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  • ADA COMPLIANCE

     

    Avoid lawsuits and increase customer access by removing accessibility barriers

    Many Minnesota small businesses have been the target of lawsuits in the past two years by a few lawyers alleging violations of the Americans with Disabilities Act. Common violations alleged are parking lots including the color/height of parking signs; ramp entrances to buildings; door frame width/lip and door handles; and aisle widths. Even after fixing the violation, many businesses have paid thousands of dollars in settlement demands as a cheaper alternative to fighting a lawsuit.

     

    In the 2016 Legislature, HF 2955 was passed unanimously and signed by the Governor to help mitigate these lawsuits. This new law gives businesses more tools to help fight these lawsuits and will shift the burden of proof to the plaintiff if a business has undertaken an audit for ADA compliance. However, this new law will not necessarily prevent these lawsuits and does not remove the requirement of businesses to ensure they comply with ADA laws.

     

    The best way to avoid these lawsuits, as well as to help improve access for disabled individuals, is for businesses to make sure they are ADA compliant. In addition federal tax credits may be available to help offset the cost of removing barriers.

     

    Following are additional resources and information to help you comply with federal and state accessibility laws.

     

    ADA Readily Achievable Barrier Removal and Resources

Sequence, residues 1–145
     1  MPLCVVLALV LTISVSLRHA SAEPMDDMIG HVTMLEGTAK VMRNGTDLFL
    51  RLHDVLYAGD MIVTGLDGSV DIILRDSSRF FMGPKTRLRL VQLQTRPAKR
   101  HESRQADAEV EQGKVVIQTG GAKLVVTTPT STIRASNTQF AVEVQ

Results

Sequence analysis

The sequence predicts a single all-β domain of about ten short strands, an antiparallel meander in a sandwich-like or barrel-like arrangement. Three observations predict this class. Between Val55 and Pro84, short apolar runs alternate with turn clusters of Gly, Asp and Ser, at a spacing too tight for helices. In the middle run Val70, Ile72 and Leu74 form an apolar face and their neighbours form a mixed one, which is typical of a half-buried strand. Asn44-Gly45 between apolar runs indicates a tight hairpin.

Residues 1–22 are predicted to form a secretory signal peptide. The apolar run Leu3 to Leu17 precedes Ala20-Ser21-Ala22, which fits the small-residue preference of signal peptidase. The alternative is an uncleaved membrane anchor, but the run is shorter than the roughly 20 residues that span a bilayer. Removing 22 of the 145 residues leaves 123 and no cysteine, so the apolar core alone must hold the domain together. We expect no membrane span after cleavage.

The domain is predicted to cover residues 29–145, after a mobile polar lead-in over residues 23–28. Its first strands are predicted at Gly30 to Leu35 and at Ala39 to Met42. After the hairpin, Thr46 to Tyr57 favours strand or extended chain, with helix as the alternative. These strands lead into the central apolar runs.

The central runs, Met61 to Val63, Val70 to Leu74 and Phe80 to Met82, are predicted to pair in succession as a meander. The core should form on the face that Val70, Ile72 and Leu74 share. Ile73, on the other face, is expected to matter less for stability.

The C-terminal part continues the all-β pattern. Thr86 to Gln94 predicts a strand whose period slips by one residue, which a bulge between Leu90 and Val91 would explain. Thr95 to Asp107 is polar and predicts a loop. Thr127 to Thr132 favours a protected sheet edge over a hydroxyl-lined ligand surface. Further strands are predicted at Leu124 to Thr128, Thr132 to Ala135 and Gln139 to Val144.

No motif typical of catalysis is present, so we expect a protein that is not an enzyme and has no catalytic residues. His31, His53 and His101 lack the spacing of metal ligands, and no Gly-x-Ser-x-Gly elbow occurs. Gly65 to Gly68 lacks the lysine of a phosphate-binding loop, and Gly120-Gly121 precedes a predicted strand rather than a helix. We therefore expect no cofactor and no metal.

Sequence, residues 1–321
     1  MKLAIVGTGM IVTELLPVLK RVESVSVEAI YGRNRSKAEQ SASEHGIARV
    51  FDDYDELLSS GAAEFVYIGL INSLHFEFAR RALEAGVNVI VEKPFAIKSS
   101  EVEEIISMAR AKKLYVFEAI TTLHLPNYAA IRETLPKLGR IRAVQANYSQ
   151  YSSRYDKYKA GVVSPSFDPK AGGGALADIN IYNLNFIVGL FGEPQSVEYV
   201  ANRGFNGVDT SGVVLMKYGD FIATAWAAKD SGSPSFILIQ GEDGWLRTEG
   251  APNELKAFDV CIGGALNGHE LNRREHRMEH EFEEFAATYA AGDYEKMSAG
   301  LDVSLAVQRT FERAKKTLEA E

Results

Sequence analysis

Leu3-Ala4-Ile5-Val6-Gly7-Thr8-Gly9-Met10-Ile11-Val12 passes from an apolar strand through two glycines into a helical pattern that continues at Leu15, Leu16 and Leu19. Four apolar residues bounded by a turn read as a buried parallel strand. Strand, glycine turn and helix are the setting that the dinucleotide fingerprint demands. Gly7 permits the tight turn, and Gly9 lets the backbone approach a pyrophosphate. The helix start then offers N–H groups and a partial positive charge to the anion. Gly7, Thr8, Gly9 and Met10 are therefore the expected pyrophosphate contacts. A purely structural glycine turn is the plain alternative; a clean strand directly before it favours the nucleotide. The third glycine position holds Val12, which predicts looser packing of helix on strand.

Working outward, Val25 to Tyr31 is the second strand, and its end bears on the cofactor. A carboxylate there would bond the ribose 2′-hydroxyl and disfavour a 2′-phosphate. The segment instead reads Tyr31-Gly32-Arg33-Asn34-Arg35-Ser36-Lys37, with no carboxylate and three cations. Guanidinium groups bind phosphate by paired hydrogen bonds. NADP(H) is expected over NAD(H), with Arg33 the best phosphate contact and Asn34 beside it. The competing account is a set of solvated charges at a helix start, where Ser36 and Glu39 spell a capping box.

The ADA is a federal civil rights law that prohibits the exclusion of people with disabilities from everyday activities such as going into a store, watching a movie, or eating at a restaurant. The ADA law and Minnesota Human Rights Act require businesses that provide goods and services to be accessible by removing architectural barriers in existing facilities when it is "readily achievable" to do so.

     

    Readily achievable means "easily accomplishable without much difficulty or expense." This requirement is based on the size and resources of a business. So, businesses with more resources are expected to remove more barriers than businesses with fewer resources. Readily achievable barrier removal may include providing an accessible route from a parking lot to the business entrance, installing an entrance ramp, widening a doorway, installing accessible door hardware, repositioning shelves, or moving tables, chairs, display racks, vending machines or other furniture. When removing barriers, businesses are required to comply with legal standards to the extent possible. However, any deviation from the standards must not pose a significant safety risk.

     

    Please watch this site for updates as they come available.

     

    ADA regulations recommend the following priorities for barrier removal.

    • Providing access to your business from public sidewalks, parking areas and public transportation.
    • Providing access to your goods and services.
    • Providing access to public restrooms.
    • Removing barriers to other amenities offered to the public such as drinking fountains.

     

    In some instances, especially in older buildings, removing some architectural barriers may not be readily achievable. For example, a restaurant with several steps leading to its entrance may determine that it cannot afford to install a ramp or a lift. In this situation, the restaurant must provide its services in another way if that is readily achievable, such as providing takeout service. Businesses should train staff on these alternatives and publicize them so customers with disabilities will know of their availability and how to access them.